Trending: Best Places to Buy Ammo Online and [Buyer's Guide] 7 Best AR-15s Several of you have been asking the question “What do you recommend for carry?”.   Well, that’s kind of  a big question, and it has a lot of answers.   Choosing a CCW gun is an intensely personal decision, and all we can really do as advise you on what to look for in your carry gun, and talk about what we ourselves carry.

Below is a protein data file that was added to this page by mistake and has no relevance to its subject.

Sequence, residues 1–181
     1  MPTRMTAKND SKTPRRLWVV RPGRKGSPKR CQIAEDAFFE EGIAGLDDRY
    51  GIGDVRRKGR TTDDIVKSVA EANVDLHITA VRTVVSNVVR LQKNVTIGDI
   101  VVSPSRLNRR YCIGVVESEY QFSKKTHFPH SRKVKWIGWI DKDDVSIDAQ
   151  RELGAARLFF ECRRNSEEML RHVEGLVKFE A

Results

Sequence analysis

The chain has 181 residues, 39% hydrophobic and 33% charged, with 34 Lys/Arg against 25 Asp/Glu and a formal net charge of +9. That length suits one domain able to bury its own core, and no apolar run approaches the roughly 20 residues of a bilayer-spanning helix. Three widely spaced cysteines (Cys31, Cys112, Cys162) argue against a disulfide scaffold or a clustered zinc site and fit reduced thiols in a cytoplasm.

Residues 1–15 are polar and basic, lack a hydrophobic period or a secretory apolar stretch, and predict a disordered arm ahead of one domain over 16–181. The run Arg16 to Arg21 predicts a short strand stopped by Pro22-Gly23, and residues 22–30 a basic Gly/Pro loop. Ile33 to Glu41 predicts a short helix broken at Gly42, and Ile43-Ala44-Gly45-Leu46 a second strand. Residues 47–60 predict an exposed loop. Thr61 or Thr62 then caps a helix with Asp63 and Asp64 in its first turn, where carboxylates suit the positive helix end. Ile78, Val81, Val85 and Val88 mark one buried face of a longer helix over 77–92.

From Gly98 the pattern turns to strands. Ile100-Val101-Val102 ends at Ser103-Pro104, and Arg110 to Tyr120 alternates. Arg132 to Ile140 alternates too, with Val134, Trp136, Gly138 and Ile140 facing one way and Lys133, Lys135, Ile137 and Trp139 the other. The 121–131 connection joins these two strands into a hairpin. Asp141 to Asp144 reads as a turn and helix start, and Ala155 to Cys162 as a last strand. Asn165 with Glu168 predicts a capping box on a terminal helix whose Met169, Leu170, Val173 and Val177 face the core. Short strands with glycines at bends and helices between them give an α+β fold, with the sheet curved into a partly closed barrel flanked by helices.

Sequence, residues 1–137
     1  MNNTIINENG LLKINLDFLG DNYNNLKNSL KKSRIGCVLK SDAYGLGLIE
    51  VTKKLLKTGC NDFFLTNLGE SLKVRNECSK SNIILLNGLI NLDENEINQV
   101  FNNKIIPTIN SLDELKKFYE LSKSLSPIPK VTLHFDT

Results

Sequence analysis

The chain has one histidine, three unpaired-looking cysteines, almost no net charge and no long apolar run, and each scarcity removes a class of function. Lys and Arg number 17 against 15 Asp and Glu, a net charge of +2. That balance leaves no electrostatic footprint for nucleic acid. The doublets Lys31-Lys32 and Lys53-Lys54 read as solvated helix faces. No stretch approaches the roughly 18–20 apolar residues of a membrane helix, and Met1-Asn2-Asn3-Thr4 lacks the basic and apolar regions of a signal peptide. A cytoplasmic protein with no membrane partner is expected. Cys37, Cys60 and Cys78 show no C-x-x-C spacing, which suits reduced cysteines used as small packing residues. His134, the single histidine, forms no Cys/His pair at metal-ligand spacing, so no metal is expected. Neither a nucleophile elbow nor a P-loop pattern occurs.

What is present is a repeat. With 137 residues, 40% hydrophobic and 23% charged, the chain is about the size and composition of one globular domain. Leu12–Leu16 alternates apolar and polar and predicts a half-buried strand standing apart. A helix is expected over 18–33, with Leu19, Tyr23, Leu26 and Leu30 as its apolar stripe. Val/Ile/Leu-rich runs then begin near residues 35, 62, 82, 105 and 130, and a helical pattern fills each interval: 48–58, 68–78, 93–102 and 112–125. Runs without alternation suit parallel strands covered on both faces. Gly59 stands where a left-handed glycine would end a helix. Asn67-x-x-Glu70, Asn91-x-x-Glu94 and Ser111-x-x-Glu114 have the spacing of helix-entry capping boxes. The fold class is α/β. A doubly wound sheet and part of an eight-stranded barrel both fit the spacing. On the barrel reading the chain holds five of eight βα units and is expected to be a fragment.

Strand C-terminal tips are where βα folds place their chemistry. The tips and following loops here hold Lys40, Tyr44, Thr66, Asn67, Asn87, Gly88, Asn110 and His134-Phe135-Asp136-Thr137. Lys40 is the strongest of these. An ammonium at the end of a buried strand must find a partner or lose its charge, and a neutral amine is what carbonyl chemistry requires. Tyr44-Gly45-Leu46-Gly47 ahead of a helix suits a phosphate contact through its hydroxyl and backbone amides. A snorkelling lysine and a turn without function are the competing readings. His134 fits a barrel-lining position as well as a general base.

What the Pew Pew Writers Carry [2017]